Toronto Adopts Inclusionary Zoning to Spur Affordable Housing Development

Inclusionary zoning, a policy tool designed to ensure new developments include a required number of affordable housing units, will soon be the land of the land in Toronto, Ontario. Not everyone is a fan of the new policy.

2 minute read

November 17, 2021, 5:00 AM PST

By James Brasuell @CasualBrasuell


Vadim Rodnev / Shutterstock

The Toronto City Council has adopted a new inclusionary zoning policy, according to multiple reports.

For background on the city's development of its new inclusionary zoning policy, an article by Matt Elliott explains how inclusionary zoning works (as does Planetizen's Planopedia) and digs into the politics of inclusionary zoning. On that latter subject, Elliott writes:

But here’s the catch: to really make this work, some angry homeowners of Toronto — the kind who you might call NIMBYs, and who show up at neighbourhood consultation meetings to angrily complain about how new developments are too tall, or too dense, or cast too many shadows, or will totally make traffic worse — are going to need to chill out.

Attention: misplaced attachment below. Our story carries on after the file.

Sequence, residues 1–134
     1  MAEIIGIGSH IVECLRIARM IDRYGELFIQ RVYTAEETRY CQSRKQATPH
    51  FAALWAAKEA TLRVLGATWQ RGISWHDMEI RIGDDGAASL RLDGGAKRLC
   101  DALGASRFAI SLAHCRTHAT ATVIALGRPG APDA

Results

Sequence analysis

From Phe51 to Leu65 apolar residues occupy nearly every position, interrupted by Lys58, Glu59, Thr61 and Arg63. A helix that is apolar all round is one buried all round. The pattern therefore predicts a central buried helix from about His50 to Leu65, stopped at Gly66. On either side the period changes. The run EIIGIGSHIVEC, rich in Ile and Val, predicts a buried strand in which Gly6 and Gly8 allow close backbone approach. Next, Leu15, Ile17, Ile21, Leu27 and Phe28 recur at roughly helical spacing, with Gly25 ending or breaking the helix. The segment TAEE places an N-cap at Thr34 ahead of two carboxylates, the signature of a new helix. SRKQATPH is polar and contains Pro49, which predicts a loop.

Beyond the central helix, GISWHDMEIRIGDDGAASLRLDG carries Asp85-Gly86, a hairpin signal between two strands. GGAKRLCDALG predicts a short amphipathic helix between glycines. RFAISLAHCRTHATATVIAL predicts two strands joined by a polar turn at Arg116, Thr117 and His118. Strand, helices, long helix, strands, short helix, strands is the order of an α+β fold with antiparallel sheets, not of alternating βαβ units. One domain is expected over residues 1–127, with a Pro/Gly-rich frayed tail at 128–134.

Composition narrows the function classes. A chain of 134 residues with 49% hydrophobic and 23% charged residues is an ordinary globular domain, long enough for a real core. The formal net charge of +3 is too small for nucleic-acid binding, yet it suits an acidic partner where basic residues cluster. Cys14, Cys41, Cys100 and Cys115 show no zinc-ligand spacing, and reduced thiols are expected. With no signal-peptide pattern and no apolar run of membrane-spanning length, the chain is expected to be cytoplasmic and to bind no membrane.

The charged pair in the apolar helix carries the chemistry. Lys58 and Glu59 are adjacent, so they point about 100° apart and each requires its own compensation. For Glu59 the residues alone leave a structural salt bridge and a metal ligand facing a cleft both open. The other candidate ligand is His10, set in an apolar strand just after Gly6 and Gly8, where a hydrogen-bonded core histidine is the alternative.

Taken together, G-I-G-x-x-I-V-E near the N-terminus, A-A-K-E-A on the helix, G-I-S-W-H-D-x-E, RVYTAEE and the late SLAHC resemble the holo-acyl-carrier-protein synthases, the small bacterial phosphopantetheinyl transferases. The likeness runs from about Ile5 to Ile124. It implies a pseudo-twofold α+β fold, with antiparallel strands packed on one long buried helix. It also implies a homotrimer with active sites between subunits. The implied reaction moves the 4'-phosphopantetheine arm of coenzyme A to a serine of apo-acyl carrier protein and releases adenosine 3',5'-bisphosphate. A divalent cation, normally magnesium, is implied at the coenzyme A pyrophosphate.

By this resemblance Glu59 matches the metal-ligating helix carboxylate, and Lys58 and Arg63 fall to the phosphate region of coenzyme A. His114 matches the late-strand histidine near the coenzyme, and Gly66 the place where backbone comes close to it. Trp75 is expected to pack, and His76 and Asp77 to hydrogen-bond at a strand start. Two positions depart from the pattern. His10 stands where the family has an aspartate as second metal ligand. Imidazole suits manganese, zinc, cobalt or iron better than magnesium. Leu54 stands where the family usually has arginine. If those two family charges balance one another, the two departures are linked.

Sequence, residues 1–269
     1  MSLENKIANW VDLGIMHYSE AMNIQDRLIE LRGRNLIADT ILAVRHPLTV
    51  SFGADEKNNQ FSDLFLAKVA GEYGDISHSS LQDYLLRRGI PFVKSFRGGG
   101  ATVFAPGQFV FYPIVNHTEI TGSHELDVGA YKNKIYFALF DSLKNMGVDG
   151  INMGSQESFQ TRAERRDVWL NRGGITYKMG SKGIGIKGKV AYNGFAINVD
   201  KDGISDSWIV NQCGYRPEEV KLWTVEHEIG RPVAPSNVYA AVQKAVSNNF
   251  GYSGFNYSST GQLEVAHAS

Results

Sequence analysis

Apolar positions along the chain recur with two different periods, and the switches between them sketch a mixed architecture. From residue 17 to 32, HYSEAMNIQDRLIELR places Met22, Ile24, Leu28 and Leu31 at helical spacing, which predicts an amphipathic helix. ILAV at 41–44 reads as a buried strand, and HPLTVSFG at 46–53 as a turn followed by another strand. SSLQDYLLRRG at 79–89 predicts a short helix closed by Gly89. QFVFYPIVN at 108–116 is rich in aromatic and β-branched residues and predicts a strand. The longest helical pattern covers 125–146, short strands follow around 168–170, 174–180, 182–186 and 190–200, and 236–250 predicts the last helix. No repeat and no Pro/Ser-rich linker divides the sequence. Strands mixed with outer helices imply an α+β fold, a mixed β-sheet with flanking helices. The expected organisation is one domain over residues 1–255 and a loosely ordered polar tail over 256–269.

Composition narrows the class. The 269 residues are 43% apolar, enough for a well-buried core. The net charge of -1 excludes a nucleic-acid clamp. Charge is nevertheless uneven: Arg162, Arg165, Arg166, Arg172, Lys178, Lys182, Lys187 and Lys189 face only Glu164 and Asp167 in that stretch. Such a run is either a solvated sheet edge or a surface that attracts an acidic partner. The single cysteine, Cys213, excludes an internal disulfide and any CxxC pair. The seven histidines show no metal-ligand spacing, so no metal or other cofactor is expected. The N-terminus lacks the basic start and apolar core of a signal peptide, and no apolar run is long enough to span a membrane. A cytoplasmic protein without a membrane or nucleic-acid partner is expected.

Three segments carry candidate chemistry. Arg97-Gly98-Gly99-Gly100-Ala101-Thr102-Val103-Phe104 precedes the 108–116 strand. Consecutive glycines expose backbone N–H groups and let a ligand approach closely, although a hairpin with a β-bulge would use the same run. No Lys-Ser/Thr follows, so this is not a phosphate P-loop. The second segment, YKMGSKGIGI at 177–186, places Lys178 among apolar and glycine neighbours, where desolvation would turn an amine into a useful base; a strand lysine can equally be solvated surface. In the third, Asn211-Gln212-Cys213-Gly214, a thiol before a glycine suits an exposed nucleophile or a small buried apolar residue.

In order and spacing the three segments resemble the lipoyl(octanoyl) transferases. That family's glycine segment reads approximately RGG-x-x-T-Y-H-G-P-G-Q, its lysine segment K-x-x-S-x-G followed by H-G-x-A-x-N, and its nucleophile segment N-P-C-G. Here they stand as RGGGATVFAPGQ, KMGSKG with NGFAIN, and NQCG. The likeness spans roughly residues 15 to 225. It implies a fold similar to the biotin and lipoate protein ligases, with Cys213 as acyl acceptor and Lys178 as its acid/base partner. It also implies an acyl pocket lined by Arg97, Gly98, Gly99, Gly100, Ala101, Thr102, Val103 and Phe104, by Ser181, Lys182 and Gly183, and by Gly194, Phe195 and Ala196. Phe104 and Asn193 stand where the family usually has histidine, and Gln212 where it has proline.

For context on the city's housing market, and how soaring prices and a lack of affordable options are compelling this policy change, Elliott cites a recent report by Social Planning Toronto, which found that 30,862 affordable rental units—providing enough housing for an estimated 74,686 people—could have been produced between 2011 and 2020 if the city already had an inclusionary zoning policy in place.

An article published by mondaq updates the story after the City Council's adoption of the inclusionary zoning (IZ) framework, including details like where IZ applies. Specifically, the application of inclusionary zoning is limited to areas surrounding certain transit station areas known as PMTSAs as well as to three Inclusionary Zoning Market Areas. The latter are defined as "areas in the City that have experienced the greatest amount of new housing supply, significant price escalation and growth in rental prices, and where the City has determined that its inclusionary zoning requirements can be imposed without jeopardizing development viability."

An opinion piece for Marcus Gee, written for the Globe and Mail [paywall], expresses skepticism that the city's new IZ policy will be effective:

Whether it was a good day is another question. Interventions of this kind are usually associated with a cost. When governments force private companies to keep prices down, companies will find a way to compensate for it in one way or another. Developers who are asked to charge lower prices on some devices are required to charge more for the rest. In fact, owners and tenants of market units will be forced to subsidize the inclusive zoning.

Monday, November 15, 2021 in mondaq

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